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Rachel Dolezal on being ‘trans-black’

NEW YORK — Race and social justice activist Rachel Dolezal was fired from the NAACP because she led others to believe she was black, though she was born to white parents.

That revelation two years ago thrust Dolezal, now 40, into the spotlight and sparked a national discussion on race.

“I was presented as a liar and a con and fraud,” she told PIX11 News in an interview Wednesday.

Dolezal hopes to close that chapter of her life with the book “In Full Color: Finding My Place in a Black and White World,” which is out now.

At the age of 4, Dolezal said she began to identify as black, finally accepting what she said is her true self at age 26.

“Race is not defined or understood. Race, culture and ethnicity get into one lump of conversation,” she said. “If a form provides multiple boxes, I’ll check white, native and black. That’s acknowledging how I was born, how I identify. If I select one only, I’ll select black.”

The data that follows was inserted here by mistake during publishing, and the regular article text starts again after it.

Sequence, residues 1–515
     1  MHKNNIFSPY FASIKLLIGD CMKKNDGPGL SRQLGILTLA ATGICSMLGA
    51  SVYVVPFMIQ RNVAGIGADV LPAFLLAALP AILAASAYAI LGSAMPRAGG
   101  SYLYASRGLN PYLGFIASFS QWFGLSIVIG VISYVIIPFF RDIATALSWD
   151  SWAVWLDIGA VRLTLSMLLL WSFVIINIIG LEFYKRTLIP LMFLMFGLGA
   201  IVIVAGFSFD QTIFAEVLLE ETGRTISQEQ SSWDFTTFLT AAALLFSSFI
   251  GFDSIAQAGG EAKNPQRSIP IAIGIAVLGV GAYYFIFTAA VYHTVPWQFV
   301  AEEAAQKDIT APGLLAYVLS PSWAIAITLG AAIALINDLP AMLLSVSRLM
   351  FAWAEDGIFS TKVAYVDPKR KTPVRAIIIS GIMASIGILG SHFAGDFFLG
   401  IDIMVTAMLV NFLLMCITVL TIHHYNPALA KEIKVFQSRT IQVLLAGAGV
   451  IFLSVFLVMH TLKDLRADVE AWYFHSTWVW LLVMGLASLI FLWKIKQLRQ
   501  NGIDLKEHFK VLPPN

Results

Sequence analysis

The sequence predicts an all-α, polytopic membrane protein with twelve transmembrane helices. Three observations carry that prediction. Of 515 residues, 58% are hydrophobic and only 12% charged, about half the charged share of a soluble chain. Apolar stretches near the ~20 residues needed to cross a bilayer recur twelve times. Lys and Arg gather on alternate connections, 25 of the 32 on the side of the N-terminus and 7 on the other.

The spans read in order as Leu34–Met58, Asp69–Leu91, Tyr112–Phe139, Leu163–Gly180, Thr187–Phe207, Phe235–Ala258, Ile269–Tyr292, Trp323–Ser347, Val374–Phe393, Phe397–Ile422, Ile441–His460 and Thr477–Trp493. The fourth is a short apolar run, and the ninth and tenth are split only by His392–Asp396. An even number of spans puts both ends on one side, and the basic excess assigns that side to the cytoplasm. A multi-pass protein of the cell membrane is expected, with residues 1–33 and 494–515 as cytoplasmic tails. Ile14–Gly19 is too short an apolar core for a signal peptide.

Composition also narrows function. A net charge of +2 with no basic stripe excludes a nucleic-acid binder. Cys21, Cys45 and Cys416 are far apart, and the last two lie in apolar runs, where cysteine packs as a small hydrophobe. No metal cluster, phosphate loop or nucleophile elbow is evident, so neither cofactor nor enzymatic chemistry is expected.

In her book, Dolezal recalls growing up as a white girl to white parents in a home isolated from society with no television.

“It wouldn’t have been too much of a stretch to call me an indentured servant,” she wrote.

Dolezal said her childhood was one without “fun,” characterized by labor. She said in a way, her parents charged her for her childhood.

Now, she said, she identifies as trans-black, a term she wishes people will embrace and accept.

Moving forward, she plans to go by her new name, Nkechi Amare Diallo, which she legally changed last year and is a West African moniker that means “gift from the gods.” That name change, she said, was inspired, in part, to give her a better chance of finding work.

Have there been reality TV offers? Yes.

However, “I will not exploit myself further,” Dolezal said.

“I’m not trying to make money off the identity thing. I want to feed my kids. I hope to sell books, at this point,” she said.